The Republican minority objected to the speed with which major proposals were introduced and moved, and they even used parliamentary delaying techniques a few times. The Democratic juggernaut kept moving, although there were significant concessions on some bills, such as the Fair Tax Bill, HB 20-1420. The Police Accountability Bill gained strong bipartisan support after a series of amendments were added, and there was even a little compromise on the immunizations bill.
Lawmakers’ other job during the second session was to kill bills.
The revenue situation made it impossible to fund most proposals with price tags, including several bills proposed by 2019 legislative study committees on early childhood education, school safety and substance abuse.
And legislative leaders, determined to spend as few days as possible in the Capitol during the pandemic, jettisoned other bills they deemed unimportant, unlikely to pass or too controversial or complicated to pass quickly.
Efforts to eliminate the statute of limitations on some sex crimes, set eviction protections, require greater state oversight of RTD, approve bail reform and pretrial release and require safe firearms storage all failed, as did some environmental bills.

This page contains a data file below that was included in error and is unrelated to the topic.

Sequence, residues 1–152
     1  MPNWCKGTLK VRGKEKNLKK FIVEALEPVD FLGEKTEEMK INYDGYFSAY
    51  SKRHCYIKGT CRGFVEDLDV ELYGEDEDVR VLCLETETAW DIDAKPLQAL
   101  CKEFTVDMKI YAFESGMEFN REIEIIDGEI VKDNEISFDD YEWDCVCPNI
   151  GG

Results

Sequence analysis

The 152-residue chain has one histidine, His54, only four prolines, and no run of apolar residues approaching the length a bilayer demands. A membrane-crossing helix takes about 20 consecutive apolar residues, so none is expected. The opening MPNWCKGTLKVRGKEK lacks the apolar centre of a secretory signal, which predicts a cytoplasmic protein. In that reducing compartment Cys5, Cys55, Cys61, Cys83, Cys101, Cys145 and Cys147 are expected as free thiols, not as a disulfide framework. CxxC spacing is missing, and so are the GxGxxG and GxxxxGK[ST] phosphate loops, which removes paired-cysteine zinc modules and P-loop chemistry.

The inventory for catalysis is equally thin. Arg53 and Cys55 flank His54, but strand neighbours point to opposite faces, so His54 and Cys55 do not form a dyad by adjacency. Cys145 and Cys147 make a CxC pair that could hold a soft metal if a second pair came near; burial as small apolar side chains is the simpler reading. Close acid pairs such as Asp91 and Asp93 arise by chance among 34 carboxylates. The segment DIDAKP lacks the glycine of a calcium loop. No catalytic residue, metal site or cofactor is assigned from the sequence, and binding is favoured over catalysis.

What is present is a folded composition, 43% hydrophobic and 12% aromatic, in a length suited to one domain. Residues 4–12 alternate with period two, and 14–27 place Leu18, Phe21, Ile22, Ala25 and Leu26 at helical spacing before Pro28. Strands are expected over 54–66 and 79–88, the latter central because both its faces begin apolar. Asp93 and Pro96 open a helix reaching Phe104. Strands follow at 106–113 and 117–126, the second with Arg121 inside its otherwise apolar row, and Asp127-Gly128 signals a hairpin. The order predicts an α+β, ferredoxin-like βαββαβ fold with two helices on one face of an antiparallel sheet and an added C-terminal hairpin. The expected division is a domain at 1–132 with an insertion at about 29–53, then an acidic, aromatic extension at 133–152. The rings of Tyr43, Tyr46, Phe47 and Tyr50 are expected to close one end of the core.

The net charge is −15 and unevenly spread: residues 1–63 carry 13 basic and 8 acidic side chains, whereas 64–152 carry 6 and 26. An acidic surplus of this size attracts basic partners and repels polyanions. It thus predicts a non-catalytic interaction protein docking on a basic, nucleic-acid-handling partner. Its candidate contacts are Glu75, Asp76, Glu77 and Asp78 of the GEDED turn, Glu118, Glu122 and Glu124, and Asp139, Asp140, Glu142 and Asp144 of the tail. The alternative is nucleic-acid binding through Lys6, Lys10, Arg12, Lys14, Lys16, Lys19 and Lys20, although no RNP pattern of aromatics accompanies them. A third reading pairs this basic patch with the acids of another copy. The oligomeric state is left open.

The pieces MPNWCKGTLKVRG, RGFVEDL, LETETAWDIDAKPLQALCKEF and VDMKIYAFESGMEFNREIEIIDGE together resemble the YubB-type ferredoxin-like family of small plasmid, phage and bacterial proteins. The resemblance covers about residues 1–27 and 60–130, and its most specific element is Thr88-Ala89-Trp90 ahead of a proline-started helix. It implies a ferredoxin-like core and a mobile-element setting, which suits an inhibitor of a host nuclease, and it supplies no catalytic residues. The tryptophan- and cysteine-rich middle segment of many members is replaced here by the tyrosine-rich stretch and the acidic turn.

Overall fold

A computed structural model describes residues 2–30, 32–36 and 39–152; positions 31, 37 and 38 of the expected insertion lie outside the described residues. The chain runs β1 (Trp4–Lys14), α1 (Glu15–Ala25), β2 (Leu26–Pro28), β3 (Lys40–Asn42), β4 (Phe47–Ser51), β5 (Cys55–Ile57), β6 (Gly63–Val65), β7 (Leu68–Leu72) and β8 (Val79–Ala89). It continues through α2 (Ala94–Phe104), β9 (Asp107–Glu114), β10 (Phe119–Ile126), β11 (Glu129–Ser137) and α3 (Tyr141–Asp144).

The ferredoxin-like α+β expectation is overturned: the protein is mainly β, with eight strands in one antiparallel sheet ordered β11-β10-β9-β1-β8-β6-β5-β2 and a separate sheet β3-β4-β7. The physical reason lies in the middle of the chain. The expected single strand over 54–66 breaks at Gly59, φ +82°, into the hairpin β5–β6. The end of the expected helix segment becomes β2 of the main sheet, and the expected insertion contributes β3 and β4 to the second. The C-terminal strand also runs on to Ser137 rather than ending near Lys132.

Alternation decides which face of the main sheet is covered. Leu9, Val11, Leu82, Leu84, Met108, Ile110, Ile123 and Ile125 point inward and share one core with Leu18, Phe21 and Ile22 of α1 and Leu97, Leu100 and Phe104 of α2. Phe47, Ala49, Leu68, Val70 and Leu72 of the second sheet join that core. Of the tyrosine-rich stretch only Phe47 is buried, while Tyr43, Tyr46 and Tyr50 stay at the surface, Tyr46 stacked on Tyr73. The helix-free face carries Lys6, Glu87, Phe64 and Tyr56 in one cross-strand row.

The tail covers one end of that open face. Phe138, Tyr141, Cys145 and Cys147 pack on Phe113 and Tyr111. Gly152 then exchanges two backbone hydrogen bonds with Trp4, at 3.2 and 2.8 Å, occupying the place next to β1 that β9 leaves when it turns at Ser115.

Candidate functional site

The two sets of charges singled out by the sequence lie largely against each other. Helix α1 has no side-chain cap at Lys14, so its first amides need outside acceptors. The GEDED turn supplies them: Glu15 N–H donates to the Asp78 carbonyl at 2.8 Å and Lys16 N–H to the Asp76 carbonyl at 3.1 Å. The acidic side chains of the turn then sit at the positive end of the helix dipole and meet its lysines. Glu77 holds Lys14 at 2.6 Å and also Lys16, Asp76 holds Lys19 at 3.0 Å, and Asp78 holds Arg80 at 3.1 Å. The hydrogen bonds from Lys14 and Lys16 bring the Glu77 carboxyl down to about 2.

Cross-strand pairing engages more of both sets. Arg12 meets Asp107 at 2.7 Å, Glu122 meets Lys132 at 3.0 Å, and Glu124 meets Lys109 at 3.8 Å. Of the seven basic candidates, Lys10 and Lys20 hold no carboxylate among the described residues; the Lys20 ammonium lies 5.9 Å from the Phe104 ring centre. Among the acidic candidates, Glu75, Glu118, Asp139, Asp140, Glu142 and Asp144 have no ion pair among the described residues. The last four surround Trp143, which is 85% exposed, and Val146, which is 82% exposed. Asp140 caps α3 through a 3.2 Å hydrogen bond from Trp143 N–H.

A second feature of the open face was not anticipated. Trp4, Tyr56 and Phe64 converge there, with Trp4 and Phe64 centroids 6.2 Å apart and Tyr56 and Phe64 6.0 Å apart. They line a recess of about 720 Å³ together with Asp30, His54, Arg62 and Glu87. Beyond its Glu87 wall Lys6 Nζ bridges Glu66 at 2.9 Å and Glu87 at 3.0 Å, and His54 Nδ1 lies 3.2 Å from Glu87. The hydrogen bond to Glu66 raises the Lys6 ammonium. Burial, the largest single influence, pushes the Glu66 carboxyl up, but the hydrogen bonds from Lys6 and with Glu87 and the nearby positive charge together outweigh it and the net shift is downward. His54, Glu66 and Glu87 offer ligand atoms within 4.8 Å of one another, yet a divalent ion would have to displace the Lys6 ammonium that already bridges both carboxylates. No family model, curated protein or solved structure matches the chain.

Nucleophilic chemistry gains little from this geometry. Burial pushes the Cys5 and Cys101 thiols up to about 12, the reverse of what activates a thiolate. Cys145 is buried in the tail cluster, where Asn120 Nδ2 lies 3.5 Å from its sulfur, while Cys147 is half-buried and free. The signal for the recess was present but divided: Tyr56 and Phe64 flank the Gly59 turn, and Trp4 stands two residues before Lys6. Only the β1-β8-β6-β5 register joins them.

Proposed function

All in all, some 316 bills either were postponed indefinitely (which requires individual votes) or just allowed to die in committee or on the floor calendar after lawmakers went home.
Democratic plans to pass a broad family leave bill and provide lower-cost health insurance, along with the governor’s preschool funding dreams, never got off the ground.
Lawmakers adjourned on Monday, June 15, the 84th day of the session, not using all the flexibility the Supreme Court gave them.
Most observers expect that the 2021 session will face even harder budget decisions, given that recession effects usually last for two or three years and that most of the transfers and other tricks used to balance the 2020-21 budget won’t be available next year.
And there will be a lot of new faces when the legislature convenes next year. Nine senators and 13 representatives won’t be returning because of term limits or because they’re not running again. Democratic House Speaker KC Becker of Boulder is among the term-limited. Democratic Senate President Leroy Garcia is in the middle of his term.
Todd Engdahl owns Capitol Editorial Services, a firm that provides legislative coverage, intelligence and analysis to private clients. During a long career as an editor and public policy journalist, he served as executive city editor of The Denver Post, founder of DenverPost.com and a founder of Education News Colorado, which later became part of Chalkbeat Colorado.